Two Knights vs Pawn (Advanced)


Hi everyone,

Recently, I've been struggling with the Two Knights vs Pawn (Advanced) "Checkmates" drill from

In this position, White has the initiative and is supposed to push Black's king in the h8 corner in order for the h3 Knight to help deliver checkmate in time. Whatever I do with King+Knight, Black's king seems to always slip away and avoid being trapped. Does anybody know a systematic way to succeed at this drill ? Or the type of position I am supposed to reach before involving the second Knight ?

Furthermore, does anybody have a good ressource to learn some theory about two-knights endgames and the Troitsky lines ? Wikipedia is too vague about this.

Thanks in advance !!! happy.png


Collection of Chess Studies A.A.Troitzky, Ishi Press. Try Amazon.

Final section is two knights v pawn.

First get perfect on KNK game and (relevant in the position you give) KNKP game.

KNNKQ is also a prerequisite for the ending in a small percentage of positions. but not  that particular diagram.  That endgame is harder. I don't know a comprehensive coverage; practice against an EGTB is probably best. 


Thank you for your answer ! Found the book on Amazon, I'll consider buying it. 

When you say "get perfect on KNK game", is there a way to practice it with some guidelines ? Is it in the book ?

Finally, if anyone is interested, I found an EGTB that solves this position in 57 moves with perfect play from both sides. Enjoy !


Chapter II in the supplement of the above book covers KNK. You can really only practice it in a KNNKP game (and it can occasionally come in useful in KBNK), because any computer program will just say "dead position" and you're unlikely to find a human opponent who's very keen. But it's the whole basis of the KNNKP ending. You need to have it automatic. If you've covered Two Knights vs Pawn (not Advanced) or whatever you should already be familiar with it.

The exact position you show will occur frequently when you get into practicing the endings with a pawn on the rook's file, so it's a good example to study.


I have a program called Wilhelm and the 3-4-5 man Nalimov EGTBs. Wilhelm will generate a list of endgame positions for KNNKP (or any) that are mate in anywhere between m and n. So you can start with low m and n and analyse/practice those positions, then increase m and n.  You can also do things like limiting the pawn position to a particular file or blocked by a knight on a particular square. It will probably take a long time to cover the ending and you will probably never get into it in a chess game, so I assume you're doing it out of interest rather than to improve your chess results.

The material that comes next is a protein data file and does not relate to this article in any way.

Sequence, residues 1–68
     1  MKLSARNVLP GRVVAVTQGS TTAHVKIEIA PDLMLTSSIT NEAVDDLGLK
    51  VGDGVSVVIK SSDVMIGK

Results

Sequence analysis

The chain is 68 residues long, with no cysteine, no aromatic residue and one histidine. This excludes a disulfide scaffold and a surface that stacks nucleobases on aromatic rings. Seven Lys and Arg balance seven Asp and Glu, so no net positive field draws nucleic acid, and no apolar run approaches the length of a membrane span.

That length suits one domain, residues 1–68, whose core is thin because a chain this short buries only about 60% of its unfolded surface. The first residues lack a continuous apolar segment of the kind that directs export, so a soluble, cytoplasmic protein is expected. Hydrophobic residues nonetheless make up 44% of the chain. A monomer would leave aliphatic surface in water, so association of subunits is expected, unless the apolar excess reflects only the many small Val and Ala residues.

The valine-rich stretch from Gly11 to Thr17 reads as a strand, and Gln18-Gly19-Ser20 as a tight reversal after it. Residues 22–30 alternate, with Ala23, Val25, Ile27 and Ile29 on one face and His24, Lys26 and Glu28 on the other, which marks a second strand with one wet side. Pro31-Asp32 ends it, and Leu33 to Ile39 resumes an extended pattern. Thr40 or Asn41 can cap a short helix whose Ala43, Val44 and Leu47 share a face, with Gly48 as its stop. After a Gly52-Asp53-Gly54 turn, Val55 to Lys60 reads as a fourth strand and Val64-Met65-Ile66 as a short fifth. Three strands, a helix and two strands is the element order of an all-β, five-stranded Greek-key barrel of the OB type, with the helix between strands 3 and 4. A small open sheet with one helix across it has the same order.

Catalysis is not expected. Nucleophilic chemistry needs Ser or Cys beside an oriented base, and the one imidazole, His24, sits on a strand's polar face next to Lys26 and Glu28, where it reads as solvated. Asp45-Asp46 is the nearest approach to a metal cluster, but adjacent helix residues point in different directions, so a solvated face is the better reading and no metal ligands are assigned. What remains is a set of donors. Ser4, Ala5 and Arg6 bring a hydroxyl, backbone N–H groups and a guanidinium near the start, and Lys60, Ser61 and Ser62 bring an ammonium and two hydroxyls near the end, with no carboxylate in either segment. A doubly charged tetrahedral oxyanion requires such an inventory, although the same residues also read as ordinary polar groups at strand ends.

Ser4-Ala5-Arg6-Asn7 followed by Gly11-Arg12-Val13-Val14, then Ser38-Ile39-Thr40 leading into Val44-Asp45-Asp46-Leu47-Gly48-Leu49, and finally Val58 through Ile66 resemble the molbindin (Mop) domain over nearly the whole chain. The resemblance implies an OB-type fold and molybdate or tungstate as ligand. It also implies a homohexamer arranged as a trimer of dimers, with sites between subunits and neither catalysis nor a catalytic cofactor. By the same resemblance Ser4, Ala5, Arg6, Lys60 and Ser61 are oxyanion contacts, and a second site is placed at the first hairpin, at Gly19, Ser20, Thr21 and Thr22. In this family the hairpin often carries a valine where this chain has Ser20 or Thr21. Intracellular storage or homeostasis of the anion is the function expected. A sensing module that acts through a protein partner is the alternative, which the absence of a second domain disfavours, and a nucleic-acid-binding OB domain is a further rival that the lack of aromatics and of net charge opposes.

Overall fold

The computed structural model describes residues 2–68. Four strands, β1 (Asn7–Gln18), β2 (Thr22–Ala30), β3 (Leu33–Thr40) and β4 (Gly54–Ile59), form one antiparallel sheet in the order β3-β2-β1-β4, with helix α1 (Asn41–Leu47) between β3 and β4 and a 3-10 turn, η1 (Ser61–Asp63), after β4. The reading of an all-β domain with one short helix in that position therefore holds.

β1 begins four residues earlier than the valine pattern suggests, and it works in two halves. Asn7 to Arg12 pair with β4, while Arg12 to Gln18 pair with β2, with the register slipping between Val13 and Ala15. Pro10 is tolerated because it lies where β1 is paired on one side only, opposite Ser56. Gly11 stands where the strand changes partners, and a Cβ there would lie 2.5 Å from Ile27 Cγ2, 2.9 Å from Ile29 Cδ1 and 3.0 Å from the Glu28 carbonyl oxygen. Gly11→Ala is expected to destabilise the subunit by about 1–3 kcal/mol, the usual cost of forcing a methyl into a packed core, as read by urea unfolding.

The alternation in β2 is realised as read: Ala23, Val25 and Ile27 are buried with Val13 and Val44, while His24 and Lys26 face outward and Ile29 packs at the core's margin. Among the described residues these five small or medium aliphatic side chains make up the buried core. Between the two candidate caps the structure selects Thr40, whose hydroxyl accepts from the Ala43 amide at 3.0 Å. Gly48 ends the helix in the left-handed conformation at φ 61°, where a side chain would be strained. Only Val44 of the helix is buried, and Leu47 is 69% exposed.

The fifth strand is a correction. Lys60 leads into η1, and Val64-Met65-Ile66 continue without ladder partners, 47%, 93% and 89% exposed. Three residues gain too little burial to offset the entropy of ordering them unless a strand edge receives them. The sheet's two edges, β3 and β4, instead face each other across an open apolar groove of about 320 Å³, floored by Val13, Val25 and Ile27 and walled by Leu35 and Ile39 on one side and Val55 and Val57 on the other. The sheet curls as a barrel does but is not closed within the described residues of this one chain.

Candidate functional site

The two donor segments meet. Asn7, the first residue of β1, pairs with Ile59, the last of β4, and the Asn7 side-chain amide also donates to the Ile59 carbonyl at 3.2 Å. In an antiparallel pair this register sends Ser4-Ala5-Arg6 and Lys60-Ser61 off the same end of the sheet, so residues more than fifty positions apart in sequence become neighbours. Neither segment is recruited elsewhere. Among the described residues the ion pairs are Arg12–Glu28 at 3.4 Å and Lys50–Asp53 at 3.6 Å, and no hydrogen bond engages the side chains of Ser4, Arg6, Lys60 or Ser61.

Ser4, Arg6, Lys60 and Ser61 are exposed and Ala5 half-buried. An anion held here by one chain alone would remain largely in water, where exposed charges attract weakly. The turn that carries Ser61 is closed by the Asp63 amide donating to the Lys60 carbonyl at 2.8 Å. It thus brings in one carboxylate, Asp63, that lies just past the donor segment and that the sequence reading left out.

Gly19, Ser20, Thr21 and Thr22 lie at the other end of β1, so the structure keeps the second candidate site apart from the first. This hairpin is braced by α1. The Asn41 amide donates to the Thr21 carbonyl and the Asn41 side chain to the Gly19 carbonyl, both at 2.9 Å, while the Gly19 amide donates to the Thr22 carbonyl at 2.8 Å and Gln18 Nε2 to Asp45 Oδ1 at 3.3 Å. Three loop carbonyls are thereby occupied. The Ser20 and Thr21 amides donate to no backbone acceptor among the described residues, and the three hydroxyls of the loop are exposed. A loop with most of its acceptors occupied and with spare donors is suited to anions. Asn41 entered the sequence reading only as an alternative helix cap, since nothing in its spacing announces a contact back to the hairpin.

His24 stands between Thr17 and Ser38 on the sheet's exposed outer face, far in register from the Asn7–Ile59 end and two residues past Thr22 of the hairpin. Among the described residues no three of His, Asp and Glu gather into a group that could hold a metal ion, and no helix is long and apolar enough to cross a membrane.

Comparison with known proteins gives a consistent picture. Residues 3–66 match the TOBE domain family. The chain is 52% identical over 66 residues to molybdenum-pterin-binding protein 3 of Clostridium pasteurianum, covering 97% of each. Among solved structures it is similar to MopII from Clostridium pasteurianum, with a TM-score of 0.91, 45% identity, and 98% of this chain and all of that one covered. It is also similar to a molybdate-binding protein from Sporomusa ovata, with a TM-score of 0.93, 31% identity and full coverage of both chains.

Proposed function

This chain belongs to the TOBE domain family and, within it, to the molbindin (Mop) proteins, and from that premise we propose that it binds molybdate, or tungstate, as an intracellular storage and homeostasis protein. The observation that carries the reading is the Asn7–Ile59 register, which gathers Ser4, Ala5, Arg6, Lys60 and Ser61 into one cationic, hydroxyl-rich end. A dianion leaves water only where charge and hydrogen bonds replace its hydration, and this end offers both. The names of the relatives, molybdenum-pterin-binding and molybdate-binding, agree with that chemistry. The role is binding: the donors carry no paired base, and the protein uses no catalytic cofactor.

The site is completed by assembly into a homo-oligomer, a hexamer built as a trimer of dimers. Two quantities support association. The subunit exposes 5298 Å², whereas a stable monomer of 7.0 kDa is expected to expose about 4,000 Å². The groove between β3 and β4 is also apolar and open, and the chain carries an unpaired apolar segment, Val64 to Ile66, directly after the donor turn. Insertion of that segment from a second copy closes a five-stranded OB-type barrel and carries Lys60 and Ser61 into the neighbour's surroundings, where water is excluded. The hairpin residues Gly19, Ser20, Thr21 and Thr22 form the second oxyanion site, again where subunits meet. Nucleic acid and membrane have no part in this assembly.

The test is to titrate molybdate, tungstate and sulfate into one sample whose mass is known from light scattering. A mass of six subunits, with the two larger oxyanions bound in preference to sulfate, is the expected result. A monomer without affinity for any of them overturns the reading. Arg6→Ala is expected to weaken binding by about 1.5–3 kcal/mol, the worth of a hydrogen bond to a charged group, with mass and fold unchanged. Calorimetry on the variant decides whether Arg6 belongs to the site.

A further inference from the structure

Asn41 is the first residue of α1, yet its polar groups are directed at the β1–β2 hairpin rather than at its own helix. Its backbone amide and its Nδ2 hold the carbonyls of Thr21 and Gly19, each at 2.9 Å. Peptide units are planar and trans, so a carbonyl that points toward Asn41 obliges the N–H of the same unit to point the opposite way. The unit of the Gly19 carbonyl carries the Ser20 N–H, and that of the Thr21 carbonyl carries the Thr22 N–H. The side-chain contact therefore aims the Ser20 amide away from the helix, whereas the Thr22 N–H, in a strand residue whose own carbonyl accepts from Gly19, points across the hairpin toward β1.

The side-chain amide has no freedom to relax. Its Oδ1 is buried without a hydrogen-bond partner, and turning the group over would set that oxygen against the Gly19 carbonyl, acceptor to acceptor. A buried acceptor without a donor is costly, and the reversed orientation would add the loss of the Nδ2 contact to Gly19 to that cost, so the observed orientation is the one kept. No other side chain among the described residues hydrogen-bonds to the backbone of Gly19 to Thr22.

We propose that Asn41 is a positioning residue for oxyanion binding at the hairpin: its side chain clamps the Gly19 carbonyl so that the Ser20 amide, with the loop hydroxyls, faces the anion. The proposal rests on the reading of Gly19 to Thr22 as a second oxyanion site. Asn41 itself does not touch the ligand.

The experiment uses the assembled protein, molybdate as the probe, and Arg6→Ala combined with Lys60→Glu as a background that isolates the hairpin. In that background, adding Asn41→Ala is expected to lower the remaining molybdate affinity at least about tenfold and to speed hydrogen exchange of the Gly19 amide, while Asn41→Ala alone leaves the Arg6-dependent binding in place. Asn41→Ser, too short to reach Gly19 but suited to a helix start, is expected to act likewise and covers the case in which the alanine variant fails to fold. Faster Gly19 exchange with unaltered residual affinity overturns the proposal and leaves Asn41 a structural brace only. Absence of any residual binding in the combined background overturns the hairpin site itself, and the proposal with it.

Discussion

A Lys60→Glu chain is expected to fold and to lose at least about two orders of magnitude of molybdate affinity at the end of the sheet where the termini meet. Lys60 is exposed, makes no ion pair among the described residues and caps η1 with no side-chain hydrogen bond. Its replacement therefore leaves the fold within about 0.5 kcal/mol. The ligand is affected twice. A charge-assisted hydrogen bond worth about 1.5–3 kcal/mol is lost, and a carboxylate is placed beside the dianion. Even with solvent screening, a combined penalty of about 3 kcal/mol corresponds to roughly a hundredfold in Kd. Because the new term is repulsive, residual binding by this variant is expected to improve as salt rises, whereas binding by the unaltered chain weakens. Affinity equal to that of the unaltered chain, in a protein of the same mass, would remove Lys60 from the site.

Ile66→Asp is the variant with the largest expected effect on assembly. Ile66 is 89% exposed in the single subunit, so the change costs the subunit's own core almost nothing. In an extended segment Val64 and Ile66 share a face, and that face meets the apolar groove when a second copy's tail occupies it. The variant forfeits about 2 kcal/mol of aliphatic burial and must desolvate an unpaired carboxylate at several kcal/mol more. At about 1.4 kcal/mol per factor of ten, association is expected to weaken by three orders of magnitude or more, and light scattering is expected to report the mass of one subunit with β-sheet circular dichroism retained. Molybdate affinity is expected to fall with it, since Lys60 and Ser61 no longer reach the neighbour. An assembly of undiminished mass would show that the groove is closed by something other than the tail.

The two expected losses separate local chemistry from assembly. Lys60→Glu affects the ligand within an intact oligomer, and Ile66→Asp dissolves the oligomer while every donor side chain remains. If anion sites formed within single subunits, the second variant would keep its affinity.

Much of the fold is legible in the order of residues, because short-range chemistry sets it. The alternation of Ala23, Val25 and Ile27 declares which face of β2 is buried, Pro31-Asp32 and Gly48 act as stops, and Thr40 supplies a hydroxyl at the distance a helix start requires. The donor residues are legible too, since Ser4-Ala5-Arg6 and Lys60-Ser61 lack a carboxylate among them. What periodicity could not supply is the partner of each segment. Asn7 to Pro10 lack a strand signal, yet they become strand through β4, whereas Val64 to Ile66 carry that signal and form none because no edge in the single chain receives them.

You can adopt the same approach with KNNKQ.

Wilhelm used to be available here It tends to move around so you might need to track it. The Nalimov EGTBs should be easy to locate.  You should be able to download both without forking out.

By the way the Nalimov EGTBs don't take any account of the 50 move rule. Only the Sysygy/Lomonosov EGTBs do that. But I think trying to take the 50 move rule into account is impossibly difficult for mortals, especially if you're also attempting mate in the shortest number of moves.



I am curious how white is supposed to push the black king in the h8 corner. I don't see a way to force the king to walk to the other side of the board and Syzygy doesn't suggest something like that.




then continue from after move 58 in Syzygy v Martin, post #67 here (but reversing flanks)

I think Syzygy may just fail to solve it under the cursed rule. (But doesn't it give you a game whether or not? And anyway I don't think it should fail under the cursed rule from there - I don't think it should get to 50 moves all told. In fact in your example it's playing traditionally accurate moves as should be expected. You haven't taken it far enough.)

You can probably fill in the gaps. Black should finish up mated on h8, but if he's not accurate it could also be a1 or h1. It's the threats of those that push him to h8.


@MARattigan, thanks. That is pretty clever to force black to go for the position with the knight on h2. Now the black king can no longer stay in the corner, because the knight can cover a1 in 3 moves.


Numquam wrote:

@MARattigan, thanks. That is pretty clever to force black to go for the position with the knight on h2. Now the black king can no longer stay in the corner, because the knight can cover a1 in 3 moves.


Not my idea, Troitsky came up with it first. But yes.


There is a youtube video about this which explains this type of endgame in detail (just search two knights vs a pawn (or h pawn)). This is also the key position where almost all initial positions where the pawn is securely blockaded at h4 will go through with perfect play (or similar positions). It's actually much easier than many other positions. I also recommend practicing with database.

The only way to make progress is to force pawn push to h3, where the passive knight is better placed and checkmate with one knight is possible (so you don't need to directly defend that knight). This also makes h1 a mating corner, and you need to force the defending king to choose which corner to go.


this game is draw


For endgames like this I like to plug the position into an endgame database and see how it's supposed to be played. Then it just takes repetition until I remember how. (It's not a draw)